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FOR PUBLICATION

ATTORNEYS FOR APPELLANTS:        ATTORNEYS FOR APPELLEE:

ROBERT J. KOPKA                 DAVID W. HOLUB
LAWRENCE M. HANSEN                DAVID M. HAMACHER
GREGORY M. BOKOTA
                Ruman, Clements, Tobin &
Landau, Omahana & Kopka                  Holub, P.C.
Merrillville, Indiana                    Hammond, Indiana



IN THE

COURT OF APPEALS OF INDIANA


GREATER HAMMOND COMMUNITY         )
SERVICE,                            )
                                    )
    Appellant-Defendant,            )
                                    )
        vs.                         )    No. 45A03-9706-CV-203
                                    )
LUCILE MUTKA,                       )
                                    )
    Appellee-Plaintiff.             )



APPEAL FROM THE LAKE SUPERIOR COURT

The Honorable Jeffery J. Dywan, Judge

Cause No. 45D01-9502-CT-203



September 23, 1998

OPINION - FOR PUBLICATION

DARDEN, Judge


STATEMENT OF THE CASE

    In this tort action brought by Lucile Mutka, Greater Hammond Community Service, Inc. (“GHCS”) appeals from a final judgment of $700,000 entered in favor of Mutka wherein the parties stipulated that Greater Hammond Community Service could seek review of the trial court's determination that it was not a governmental entity entitled to protection under the Indiana Tort Claims Act.See footnote 1 1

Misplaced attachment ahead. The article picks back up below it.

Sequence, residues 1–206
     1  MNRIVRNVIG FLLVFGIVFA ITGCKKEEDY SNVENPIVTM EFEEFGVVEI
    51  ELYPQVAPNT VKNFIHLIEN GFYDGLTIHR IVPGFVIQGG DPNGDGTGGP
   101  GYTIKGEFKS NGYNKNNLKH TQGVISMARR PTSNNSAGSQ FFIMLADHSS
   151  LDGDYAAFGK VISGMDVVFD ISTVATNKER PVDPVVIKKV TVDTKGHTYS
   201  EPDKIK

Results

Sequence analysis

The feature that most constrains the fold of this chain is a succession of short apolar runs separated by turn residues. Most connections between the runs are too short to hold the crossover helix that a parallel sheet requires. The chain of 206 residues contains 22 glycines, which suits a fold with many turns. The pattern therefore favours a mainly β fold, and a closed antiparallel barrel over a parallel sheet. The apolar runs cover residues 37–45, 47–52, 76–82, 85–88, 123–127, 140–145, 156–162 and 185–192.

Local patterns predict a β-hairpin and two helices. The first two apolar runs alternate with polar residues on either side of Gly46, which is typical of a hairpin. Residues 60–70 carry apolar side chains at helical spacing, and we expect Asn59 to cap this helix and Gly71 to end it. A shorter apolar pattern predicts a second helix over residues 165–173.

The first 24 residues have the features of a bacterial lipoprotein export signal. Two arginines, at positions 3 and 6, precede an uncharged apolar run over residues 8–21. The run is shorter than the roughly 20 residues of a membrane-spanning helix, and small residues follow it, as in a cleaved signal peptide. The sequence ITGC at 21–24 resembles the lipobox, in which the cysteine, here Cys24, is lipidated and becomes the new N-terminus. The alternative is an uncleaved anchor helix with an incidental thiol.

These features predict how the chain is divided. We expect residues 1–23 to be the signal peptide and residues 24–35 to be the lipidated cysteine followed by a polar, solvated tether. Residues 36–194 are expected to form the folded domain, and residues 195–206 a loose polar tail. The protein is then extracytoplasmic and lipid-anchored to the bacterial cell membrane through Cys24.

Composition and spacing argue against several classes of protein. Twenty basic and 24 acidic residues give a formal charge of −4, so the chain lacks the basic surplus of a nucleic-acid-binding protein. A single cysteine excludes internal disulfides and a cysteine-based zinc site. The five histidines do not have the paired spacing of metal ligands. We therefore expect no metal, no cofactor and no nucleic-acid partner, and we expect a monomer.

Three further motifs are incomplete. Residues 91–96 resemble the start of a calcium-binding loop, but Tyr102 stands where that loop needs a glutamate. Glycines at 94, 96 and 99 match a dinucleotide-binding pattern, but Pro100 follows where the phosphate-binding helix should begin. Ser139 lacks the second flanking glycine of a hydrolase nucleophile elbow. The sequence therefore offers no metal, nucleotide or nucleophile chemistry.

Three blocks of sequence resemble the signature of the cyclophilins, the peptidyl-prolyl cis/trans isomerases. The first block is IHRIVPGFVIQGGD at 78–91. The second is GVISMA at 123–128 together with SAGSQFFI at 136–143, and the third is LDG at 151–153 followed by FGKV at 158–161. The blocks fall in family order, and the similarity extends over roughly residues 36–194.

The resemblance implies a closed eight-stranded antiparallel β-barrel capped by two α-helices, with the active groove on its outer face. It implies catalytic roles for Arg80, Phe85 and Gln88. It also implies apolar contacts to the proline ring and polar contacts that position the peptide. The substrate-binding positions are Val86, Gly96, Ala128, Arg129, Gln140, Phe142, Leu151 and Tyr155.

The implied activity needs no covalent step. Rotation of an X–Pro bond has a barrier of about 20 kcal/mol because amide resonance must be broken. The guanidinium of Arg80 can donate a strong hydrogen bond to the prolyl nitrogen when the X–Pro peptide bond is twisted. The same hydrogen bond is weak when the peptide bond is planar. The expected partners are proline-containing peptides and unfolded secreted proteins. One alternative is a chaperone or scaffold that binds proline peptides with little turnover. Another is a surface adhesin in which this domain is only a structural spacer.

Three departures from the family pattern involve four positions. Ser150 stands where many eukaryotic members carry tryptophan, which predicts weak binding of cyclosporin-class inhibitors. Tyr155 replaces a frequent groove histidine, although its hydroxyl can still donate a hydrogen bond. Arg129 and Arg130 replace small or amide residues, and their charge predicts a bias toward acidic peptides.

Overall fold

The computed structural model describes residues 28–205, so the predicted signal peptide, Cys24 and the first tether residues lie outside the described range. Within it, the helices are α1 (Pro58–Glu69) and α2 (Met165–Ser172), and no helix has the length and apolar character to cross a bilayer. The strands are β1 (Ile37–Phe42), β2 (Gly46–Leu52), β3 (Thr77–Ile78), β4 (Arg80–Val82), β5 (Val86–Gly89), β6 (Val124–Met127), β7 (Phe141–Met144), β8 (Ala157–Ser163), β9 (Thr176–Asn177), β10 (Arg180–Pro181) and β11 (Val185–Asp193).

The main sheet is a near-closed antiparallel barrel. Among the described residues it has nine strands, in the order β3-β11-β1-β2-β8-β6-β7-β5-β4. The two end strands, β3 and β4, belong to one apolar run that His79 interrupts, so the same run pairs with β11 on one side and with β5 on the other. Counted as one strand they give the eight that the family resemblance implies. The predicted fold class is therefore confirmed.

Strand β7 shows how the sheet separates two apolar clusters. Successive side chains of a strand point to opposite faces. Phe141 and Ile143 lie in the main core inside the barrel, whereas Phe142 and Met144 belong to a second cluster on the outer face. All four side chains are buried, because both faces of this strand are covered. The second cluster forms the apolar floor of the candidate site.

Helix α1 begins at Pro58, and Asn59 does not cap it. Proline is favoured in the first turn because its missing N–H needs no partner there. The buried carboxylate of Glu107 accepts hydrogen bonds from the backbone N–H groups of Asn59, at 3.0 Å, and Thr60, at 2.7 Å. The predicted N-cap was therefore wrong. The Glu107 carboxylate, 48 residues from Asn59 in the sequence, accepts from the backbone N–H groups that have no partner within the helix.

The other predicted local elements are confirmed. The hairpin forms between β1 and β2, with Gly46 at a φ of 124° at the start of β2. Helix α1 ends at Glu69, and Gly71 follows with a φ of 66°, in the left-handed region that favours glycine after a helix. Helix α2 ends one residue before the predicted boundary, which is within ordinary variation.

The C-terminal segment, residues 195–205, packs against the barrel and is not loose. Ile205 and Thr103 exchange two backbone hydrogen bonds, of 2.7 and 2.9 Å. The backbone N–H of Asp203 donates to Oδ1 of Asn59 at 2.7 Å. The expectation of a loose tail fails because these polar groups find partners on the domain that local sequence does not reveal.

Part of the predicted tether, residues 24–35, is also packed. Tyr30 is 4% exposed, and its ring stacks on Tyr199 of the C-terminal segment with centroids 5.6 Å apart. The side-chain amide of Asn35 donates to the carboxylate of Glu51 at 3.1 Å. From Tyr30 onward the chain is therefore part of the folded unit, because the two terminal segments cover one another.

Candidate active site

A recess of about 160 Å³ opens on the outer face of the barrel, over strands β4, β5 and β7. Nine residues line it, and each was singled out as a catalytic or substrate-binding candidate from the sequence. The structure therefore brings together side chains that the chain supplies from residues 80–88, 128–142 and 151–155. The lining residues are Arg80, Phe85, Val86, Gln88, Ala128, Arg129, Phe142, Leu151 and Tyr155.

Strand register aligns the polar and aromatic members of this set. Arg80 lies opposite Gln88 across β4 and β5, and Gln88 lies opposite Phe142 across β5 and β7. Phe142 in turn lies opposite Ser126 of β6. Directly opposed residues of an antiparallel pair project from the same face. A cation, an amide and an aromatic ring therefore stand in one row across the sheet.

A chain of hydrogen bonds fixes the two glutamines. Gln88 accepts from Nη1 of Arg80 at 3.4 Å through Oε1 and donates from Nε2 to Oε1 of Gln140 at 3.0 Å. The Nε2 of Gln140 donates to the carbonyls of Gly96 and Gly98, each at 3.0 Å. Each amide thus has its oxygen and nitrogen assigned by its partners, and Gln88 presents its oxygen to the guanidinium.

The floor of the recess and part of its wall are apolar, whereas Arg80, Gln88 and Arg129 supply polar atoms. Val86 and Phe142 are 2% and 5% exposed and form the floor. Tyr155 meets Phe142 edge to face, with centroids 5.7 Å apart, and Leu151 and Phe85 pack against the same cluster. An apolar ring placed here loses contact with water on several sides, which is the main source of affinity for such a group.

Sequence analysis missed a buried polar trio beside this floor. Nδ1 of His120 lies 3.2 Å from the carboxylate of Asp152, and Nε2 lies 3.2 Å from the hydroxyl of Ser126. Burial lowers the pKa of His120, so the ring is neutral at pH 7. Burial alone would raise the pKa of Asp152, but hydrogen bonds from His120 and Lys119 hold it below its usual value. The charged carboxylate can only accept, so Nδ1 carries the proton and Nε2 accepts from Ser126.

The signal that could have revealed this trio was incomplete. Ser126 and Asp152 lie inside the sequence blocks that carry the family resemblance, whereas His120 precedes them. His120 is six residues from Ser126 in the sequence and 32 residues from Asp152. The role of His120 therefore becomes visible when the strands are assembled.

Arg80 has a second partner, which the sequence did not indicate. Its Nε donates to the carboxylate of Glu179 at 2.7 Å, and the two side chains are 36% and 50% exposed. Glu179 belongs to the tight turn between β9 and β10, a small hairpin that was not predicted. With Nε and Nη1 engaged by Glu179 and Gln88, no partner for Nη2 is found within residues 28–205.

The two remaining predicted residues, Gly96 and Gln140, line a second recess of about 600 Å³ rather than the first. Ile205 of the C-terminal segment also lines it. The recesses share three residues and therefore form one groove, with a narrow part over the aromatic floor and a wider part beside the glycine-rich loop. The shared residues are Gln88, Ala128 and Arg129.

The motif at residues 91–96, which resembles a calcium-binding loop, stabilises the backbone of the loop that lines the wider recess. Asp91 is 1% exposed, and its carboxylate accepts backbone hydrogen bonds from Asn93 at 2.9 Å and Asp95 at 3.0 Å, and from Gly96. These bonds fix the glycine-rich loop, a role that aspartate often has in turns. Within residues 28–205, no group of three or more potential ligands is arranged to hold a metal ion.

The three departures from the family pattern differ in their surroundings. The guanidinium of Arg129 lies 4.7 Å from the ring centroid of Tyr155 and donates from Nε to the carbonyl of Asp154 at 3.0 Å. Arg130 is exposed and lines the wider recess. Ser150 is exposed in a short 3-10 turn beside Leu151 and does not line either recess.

We affirm.
ISSUES

    I. Whether GHCS is a governmental entity entitled to the liability cap of $300,000 under the Indiana Tort Claims Act.

    II. Whether the trial court committed reversible error in denying GHCS an opportunity to supplement its argument on the cross-motions for summary judgment while subsequently allowing Mutka to supplement her argument.

    III. Whether the trial court erred by striking certain rhetorical paragraphs of affidavits designated by GHCS.

    IV. Whether genuine issues of fact exist for precluding the summary judgment in favor of Mutka.

STATEMENT OF THE FACTS

    In 1975, a small group of Hammond residents founded and incorporated Hammond Opportunity Center, Inc., as a not-for-profit corporation in Indiana. In 1976, the board of directors for Hammond Opportunity Center amended its articles of incorporation so that it would qualify for federal tax exemption status. The board amended its articles of

incorporation again in 1979, changing its name to Greater Hammond Community Services, Inc.
    In February 1994, GHCS entered into a contract with the Lake County Equal Opportunity Council, Inc. (“LCEOC”), a community action agency under the Indiana Tort Claims Act, to provide certain services to the low income, elderly and physically impaired residents in the Hammond area.See footnote 2 2 These services provided by GHCS included providing a transportation service for the elderly.